I work within an environment where they say all the right things as it relates to diversity and inclusion; heck, I work in D&I. But I have been privy to conversations around hiring diverse talent that would make your skin crawl. It’s obvious that not everyone in my organization believes in diversity and inclusion and the role they play. We struggle with having diversity at all levels, and they are walking out the door just as fast as we are able to hire. I have doubted my own abilities to be able to move up as I continue to face bias during performance reviews and promotion opportunities.
Now my white colleagues are showing an interest in understanding their black colleagues because it’s been a directive from our senior leader. I’m finding the newfound attention a little insincere. —Tamara, 46
For companies to be authentic allies and support diversity and inclusion for black professionals, a thoughtful approach to instilling change is needed. More investments need to be made towards racial equality instead of knee-jerk reactions like “kumbaya” listening sessions. It’s a step in the right direction, but what’s next? Companies need to be accountable by committing to diversity hiring at all levels, talent development, and building action plans to eliminate systemic racism built into corporate cultures and leadership. —Katherine, 39
Don’t touch my hair
With the microaggressions and microinequities in the workplace, I feel strangled and die a little bit every single day. I cannot bring my whole self to work when I have to cover up the skin that I’m born with to fit in. —JP, 40
Don’t put your hands in my hair. Stop using excuses such as “convenience” for the fact that you only represent white children in your publications for children. Stop mixing us up—just because my colleagues and I are black does not mean we look alike. It’s hard to feel hopeful for a promotion, even with the right diploma and experience, because I literally do not see women who look like me in higher positions. If you’re going to accept and give an equal chance to black women, please make sure it’s not just the ones who conform to your standard when it comes to physical appearance—I shouldn’t have to look like a model for you to respect me like you respect my white counterparts who certainly do not look like one, and most importantly, to give me the same chances as them. —Marion, 25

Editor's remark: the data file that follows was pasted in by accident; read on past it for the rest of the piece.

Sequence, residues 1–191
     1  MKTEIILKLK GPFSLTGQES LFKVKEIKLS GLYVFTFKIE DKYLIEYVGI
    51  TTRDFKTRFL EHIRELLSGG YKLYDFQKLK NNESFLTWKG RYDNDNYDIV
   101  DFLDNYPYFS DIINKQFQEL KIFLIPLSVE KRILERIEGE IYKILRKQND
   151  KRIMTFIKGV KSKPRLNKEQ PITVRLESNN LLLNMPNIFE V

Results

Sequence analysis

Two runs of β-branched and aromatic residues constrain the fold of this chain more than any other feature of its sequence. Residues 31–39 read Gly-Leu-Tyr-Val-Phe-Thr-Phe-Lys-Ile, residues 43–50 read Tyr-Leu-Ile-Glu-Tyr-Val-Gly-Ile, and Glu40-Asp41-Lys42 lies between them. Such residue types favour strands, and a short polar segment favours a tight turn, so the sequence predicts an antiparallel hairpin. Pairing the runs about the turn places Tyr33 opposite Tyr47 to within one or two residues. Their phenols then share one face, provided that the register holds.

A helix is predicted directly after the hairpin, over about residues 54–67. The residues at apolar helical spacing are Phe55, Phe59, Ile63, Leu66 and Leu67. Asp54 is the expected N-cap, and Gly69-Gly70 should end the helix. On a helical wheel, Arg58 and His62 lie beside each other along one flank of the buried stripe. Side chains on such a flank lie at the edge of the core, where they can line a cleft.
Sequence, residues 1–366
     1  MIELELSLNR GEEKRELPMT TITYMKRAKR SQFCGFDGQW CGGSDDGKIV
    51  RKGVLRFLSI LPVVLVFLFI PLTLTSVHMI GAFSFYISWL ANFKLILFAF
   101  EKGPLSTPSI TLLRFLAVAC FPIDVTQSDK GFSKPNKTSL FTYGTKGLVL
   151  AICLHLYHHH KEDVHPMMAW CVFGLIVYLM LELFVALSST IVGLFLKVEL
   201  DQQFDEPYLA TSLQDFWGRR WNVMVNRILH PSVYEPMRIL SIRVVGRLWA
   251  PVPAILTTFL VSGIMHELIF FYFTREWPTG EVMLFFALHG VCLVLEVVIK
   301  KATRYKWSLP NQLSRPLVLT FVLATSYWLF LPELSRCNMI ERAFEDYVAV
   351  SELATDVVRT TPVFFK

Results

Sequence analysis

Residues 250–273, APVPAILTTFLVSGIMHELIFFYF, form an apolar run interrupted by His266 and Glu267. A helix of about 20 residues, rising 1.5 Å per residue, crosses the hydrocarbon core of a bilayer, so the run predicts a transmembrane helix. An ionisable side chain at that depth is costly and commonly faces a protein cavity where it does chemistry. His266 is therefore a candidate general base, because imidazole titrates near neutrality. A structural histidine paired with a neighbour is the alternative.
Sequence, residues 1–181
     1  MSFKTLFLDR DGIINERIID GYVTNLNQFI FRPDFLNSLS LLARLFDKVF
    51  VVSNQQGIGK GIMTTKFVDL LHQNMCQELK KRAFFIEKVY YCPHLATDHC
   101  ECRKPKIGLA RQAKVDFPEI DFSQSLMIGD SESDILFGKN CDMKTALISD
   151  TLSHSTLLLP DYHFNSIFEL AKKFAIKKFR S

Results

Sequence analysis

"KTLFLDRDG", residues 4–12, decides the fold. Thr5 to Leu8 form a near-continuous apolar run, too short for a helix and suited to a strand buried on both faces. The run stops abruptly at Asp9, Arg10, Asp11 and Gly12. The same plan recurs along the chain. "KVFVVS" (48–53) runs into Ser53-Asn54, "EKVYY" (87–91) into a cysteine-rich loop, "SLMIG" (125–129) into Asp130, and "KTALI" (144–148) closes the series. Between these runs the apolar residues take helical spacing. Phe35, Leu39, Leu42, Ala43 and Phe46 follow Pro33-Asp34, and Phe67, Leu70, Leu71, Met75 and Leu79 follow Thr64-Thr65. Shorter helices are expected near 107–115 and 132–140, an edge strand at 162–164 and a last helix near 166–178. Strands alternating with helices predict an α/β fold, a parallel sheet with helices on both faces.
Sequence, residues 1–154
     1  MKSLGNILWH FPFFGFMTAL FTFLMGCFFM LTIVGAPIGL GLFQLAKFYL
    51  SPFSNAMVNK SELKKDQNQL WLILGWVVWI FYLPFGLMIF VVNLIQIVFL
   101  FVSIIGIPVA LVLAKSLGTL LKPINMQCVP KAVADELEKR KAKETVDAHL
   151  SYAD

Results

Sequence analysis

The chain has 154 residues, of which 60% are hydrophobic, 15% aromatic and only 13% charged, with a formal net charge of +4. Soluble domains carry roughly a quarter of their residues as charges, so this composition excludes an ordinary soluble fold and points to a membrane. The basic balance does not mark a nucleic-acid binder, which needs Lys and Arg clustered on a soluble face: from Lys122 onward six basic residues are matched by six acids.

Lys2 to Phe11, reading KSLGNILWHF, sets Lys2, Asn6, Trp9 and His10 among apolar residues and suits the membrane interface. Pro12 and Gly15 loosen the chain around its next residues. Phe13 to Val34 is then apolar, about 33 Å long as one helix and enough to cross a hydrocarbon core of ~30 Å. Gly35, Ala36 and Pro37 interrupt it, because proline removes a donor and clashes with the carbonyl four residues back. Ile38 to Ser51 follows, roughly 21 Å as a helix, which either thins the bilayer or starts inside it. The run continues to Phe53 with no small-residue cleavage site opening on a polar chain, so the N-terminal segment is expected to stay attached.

A senior white male leader expressed his allyship after George Floyd’s death. The irony is he previously made a joke about my being able to afford my luxury vehicle because I must be “moving kilos.” That undertone that black people must be engaged in illegal activities to have nice things is the same way of thinking that lead to George Floyd’s and countless other murders by police. —Monica, 37
I have been subjected to years of microaggressions and even racist comments. My first manager said that I was too direct, aggressive, and just scary. Another colleague said that I looked like a gorilla because of a jacket. Sadly, these statements were made by colleagues who believe themselves to be allies of black employees. How can you accomplish real change in diversity and inclusion when even the “allies” for D&I hold prejudiced views? —Charlotte, 37
The Amy Coopers everywhere
There are Amy Coopers everywhere, in male and female form. The passive-aggressive critiques, the whispers about “tonal” and “emotional” black women and men. The outward liberalism but actual fear and perceived threat of black professionals. They wield their power to stop growth, advancement, and exposure of black talent. It feels like combat each day to do the dance while their bias goes unchecked. —Christina, 34
I have several stories, but will share the one that almost took my entire life away from the rest of the world. I was accused of stealing a check from another manager. She later found the check. Corporate office fired me without investigating. I took action and sued them. If I was wiser, like I am now, I would have not settled out of court and would have publicly spoken on the way I was treated. —Maggy, 50
Ask how I am
I work in the IT field, which is dominated by white men. As a black woman, it is exhausting to work alongside colleagues who are so blind to the toxic world they create for anyone nonwhite. They create a venomous environment where a black person is always required to interview for their job due to microaggressions. You are so alone with no one to trust, watching every open senior-level position be filled with less-than-qualified white men or women. The needle is always moving for black employees.
I watch as my white colleagues move with fluidity within the organization with zero concerns about fitting in or being accepted. A black man was murdered by police and my white peers just move through life like absolutely nothing happened. Meanwhile, I’m fighting back tears to push through meetings. They are more hurt and pained by broken glass and a few scratches to a building than by a man’s life. Meanwhile, I’m sickened by all the continuous injustices and inequalities that we face everyday. The pain is in my throat, and I breathe slowly to try and say my words without anger and rage. I constantly walk on eggshells; I don’t want to be labeled as the “angry black woman.” I desperately want just a small fraction of empathy and compassion from my white peers. Instead, they ask me about a project status. My quietness is viewed as a lack of engagement. When I don’t laugh at the dry jokes, I’m viewed as being aloof. This insidious culture is never blatant with its racism but extremely methodical in letting you know that your life, education, and experience does not matter and will never be enough. It’s death by a billion paper cuts. —Qwen, 42
We took a harder journey to get to this desk, office, lab, stadium, post. I’m a mother, father, sister, brother. I am intelligent, kind, and resilient. I am human. Respect our journey. Help don’t hinder. Be an ally. —Tarshia, 52